The November data, just reported this morning by the Commerce Department, shows a rising overall trade deficit ($47.8 in November up from $43.3 in October). This worsening trade picture is spearheaded by declining net exports to China ($293.0 billion for the 12 months ending in November) as shown in the graph below:


In the summer of 2010 (the so-called "summer of recovery"), President Obama's massive stimulus would have produced an economic recovery, but it leaked abroad as growing trade deficits due to the adoption by many U.S. trading partners of China's mercantilist currency-manipulation strategy, as shown in the chart below:...


Comments: 2

Investors Are Entitled to Better Reporting of Unemployment Insurance Claims
Raymond Richman, 1/12/2012

While no one ever went broke underestimating the intelligence of the American voter, why should the media underestimate the intelligence of the American investor by reciting statistically manipulated data rather than the original data when the latter is readily available. Readers of this blog were made aware months ago that the figures issued by the US Bureau of Labor Statistics of the number of initial claims for unemployment insurance made during the preceding week include one doctored set of data called “seasonally adjusted” (SA)and another set of unadjusted data (NSA), i.e., the actual number of claims. In its notice to subscribers of the availability of the Report for the week ending January 7, 2012, the BLS  included this single paragraph:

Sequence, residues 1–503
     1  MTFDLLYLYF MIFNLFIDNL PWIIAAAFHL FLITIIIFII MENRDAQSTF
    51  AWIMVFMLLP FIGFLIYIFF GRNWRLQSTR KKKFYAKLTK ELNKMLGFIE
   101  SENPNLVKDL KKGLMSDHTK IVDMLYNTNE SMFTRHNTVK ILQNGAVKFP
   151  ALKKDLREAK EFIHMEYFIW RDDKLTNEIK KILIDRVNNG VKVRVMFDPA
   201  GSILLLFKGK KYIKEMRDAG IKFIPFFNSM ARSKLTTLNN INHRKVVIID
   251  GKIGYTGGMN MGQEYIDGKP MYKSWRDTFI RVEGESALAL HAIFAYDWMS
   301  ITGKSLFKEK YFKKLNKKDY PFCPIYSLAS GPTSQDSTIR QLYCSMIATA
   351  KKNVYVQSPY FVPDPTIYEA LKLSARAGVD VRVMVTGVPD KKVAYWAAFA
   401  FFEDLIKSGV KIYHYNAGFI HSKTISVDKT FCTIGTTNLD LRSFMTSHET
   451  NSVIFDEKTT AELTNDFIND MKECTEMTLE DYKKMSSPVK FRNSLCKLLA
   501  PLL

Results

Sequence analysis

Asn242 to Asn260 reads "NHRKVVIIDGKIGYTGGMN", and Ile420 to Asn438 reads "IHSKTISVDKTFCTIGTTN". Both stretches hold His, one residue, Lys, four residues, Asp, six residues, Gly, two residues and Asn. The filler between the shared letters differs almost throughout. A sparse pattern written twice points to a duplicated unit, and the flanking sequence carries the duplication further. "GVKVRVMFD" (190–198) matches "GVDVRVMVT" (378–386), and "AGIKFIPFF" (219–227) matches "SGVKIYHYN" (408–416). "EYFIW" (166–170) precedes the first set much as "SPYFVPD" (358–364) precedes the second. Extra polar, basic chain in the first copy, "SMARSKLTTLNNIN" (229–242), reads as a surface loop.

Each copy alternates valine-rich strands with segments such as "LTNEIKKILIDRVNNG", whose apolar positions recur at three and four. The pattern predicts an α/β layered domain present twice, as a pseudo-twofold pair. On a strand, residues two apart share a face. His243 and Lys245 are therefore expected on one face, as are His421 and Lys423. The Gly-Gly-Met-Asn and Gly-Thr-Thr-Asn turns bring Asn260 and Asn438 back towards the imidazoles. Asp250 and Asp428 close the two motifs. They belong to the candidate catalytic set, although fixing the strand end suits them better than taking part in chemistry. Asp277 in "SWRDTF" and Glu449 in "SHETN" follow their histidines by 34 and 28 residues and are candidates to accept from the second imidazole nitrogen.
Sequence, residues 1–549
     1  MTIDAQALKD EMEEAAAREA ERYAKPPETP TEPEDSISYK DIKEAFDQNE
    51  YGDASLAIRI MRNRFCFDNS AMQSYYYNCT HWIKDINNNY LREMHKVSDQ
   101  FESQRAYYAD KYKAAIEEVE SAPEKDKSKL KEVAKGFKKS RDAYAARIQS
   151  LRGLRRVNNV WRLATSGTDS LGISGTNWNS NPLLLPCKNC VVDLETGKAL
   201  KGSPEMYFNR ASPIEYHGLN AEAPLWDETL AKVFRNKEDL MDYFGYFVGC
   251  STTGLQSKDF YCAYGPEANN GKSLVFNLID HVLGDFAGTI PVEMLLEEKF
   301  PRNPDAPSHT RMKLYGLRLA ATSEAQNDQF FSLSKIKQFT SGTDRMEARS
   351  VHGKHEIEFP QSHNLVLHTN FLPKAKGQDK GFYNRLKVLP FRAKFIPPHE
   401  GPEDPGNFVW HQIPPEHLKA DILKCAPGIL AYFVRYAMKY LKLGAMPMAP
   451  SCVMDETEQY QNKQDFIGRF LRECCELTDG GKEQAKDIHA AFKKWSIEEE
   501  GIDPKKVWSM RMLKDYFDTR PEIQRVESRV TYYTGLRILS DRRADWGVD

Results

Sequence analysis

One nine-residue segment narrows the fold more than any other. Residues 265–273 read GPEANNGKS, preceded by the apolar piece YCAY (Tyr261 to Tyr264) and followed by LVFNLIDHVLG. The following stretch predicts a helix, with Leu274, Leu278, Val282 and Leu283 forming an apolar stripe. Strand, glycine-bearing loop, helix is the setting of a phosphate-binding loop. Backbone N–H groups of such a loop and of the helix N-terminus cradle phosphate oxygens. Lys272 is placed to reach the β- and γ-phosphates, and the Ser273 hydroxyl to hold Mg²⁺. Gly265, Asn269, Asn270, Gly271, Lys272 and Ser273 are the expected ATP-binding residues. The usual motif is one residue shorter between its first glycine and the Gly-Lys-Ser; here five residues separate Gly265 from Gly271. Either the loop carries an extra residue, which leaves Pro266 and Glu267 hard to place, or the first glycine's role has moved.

"In the week ending January 7, the advance figure for seasonally adjusted initial claims was 399,000, an increase of 24,000 from the previous week's revised figure of 375,000. The 4-week moving average was 381,750, an increase of 7,750 from the previous week's revised average of 374,000."

Most reporters evidently did not go on to read the report itself. If they did they would have been amazed to find that the actual number of initial claims filed amounted to 642,381, 143,381 higher than the seasonally adjusted number. The difference is so great that it requires an explanation from the BLS. But none has been forthcoming.  ...


Comments: 1

Romney ad hits Obama for letting China counterfeit US intellectual property
Howard Richman, 1/9/2012

The other Republican candidates give Obama a pass on trade policy, because they plan to adopt the same policy if elected. Romney is making it an issue.

And this should be a huge issue! Since Obama took office, his trade policy has cost American workers 800,000 manufacturing jobs, not to mention the jobs lost that would have provided services to these productive workers. Then, in the summer of 2010, he let the growing U.S. trade deficit abort his economic recovery (see Obama Fiddles While Economy Falters). And the utter incompetence continues. For the past 21 consecutive months he has let the Chinese government grow its trade surplus in goods with the United States, as compared to the same month the previous year....